Sharon Traweek

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Ph.D. University of California at Santa Cruz, 1982, from the Program in the History of Consciousness (Advisers: Hayden White and Gregory Bateson; thesis committee: James Clifford, Shelly Errington, Triloki N. Pandey, Thomas Rohlen, Michelle Zimbalist Rosaldo)--M.A. Calif State Univ at San Francisco in Modern European History. Vartan Gregorian, adviser.--B.A. University of California at Berkeley in History (Adviser: Robert O. Paxton)

Research Interests

I am an associate professor in the History Department at UCLA; I have also been on the faculty of the Anthropology Department at Rice University and the Program in Anthropology & Archeology and to the Program in Science, Technology, & Society at MIT. I have held visiting faculty positions at the Mt Holyoke Five College Women's Studies Research Center, the Anthropology Department at the University of California at San Diego, and the Program in Values, Technology, Science, and Society at Stanford University. I received my Ph.D. in 1982 from the History of Consciousness Program at the University of California at Santa Cruz.

My first book is Beamtimes and Lifetimes: The World of High Energy Physicists (Harvard University Press, 1988, paperback 1992). My next book, which is on Japanese big science, and a third on crafting cultural studies of science, technology, and medicine are both nearly completed; I have also published 25 articles in books and journals of anthropology, Asian studies, communications, cultural studies, history, and women's studies.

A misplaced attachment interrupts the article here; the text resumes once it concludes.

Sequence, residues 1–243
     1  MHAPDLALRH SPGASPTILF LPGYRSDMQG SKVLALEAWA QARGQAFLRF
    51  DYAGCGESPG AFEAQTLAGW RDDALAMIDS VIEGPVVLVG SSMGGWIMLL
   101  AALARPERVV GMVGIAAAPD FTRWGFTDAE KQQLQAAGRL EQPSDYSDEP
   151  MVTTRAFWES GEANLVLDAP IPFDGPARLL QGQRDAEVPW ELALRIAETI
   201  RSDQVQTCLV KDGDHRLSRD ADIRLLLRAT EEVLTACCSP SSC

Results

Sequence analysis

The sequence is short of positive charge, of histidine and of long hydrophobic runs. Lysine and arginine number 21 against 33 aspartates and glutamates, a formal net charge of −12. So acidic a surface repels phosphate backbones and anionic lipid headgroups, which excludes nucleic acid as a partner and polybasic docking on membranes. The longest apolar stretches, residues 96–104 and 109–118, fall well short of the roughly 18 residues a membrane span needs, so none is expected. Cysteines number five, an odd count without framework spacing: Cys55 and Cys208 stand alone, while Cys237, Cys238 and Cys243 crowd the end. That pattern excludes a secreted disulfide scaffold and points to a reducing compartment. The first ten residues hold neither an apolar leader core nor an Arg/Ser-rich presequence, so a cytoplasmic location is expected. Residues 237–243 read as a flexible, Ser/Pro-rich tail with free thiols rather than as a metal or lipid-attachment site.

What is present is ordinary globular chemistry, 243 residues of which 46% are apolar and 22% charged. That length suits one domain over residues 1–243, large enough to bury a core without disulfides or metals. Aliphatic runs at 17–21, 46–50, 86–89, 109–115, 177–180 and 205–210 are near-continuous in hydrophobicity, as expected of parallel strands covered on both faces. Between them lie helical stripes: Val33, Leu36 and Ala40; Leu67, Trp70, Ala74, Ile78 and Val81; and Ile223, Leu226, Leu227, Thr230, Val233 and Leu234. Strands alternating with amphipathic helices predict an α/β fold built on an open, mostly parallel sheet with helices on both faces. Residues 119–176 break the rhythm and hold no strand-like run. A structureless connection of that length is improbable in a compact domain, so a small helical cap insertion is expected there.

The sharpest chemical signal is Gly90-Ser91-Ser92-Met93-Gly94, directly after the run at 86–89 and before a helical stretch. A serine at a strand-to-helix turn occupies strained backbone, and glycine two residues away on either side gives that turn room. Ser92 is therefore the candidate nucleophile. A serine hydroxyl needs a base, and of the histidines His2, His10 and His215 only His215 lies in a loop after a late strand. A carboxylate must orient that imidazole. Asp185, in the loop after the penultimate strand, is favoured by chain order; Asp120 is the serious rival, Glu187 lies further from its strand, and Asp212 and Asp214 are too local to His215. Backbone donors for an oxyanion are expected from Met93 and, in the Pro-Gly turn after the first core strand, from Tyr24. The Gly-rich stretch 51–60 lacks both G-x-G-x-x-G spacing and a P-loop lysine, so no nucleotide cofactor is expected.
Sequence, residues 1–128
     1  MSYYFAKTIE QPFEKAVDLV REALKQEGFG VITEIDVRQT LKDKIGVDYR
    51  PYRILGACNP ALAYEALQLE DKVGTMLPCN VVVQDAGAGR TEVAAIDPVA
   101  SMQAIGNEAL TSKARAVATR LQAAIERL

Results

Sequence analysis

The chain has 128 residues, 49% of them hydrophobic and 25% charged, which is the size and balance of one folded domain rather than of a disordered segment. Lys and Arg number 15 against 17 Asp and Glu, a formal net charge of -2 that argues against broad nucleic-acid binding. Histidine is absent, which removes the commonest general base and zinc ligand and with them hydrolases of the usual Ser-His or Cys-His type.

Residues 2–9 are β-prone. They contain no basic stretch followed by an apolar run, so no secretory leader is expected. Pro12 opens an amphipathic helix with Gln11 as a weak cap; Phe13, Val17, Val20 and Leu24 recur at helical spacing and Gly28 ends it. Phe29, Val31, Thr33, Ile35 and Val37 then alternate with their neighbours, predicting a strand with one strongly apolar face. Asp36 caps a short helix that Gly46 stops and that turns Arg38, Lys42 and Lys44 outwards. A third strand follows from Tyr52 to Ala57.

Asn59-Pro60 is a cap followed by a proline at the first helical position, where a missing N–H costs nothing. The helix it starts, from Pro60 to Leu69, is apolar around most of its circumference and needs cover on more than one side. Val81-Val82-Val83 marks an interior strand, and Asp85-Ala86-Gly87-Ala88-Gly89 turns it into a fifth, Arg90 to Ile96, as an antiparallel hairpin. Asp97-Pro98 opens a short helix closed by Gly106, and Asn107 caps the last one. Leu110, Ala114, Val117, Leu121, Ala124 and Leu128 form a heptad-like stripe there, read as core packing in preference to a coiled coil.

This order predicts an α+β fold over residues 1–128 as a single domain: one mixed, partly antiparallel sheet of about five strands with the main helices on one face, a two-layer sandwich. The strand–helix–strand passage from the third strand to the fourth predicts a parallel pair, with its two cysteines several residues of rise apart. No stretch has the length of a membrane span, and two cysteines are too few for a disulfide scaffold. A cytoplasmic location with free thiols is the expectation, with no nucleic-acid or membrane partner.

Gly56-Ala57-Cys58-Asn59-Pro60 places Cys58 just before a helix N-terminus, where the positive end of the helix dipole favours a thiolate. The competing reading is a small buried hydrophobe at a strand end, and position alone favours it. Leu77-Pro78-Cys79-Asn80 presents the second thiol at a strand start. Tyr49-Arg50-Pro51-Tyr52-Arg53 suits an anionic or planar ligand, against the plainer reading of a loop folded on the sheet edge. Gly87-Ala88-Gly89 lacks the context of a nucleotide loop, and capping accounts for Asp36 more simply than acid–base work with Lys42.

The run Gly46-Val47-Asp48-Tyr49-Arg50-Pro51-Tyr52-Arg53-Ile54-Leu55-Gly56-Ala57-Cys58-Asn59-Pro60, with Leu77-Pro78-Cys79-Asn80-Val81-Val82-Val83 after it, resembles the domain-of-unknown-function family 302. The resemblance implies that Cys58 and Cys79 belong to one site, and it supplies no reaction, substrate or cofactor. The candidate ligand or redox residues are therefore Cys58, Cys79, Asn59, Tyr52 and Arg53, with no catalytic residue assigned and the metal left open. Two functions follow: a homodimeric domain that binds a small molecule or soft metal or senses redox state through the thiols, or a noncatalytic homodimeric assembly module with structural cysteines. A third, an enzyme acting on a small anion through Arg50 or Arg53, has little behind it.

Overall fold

Since receiving my Ph.D. I have given over 180 talks in 11 countries for researchers in the fields of anthropology, cultural studies, history, international relations, Japan studies, science and technology studies, science education, and women's studies; during the coming academic year twelve more are already scheduled. My work has been supported by, among others, the Danforth Foundation, the Fulbright Association, the Luce Foundation, the National Science Foundation, MIT, Rice University, UCLA, the University of California, and the Japanese government.

For health reasons [increasing limitations in my physical mobility] I focused the last few years on doing research [usually requiring travel], writing articles, deferring writing books until later, although writing books are still required for promotion in history. Three years ago I had major surgery [relieving severe compression on my spinal cord in my neck]; that and ongoing physical therapy has alleviated many of my long-standing health problems.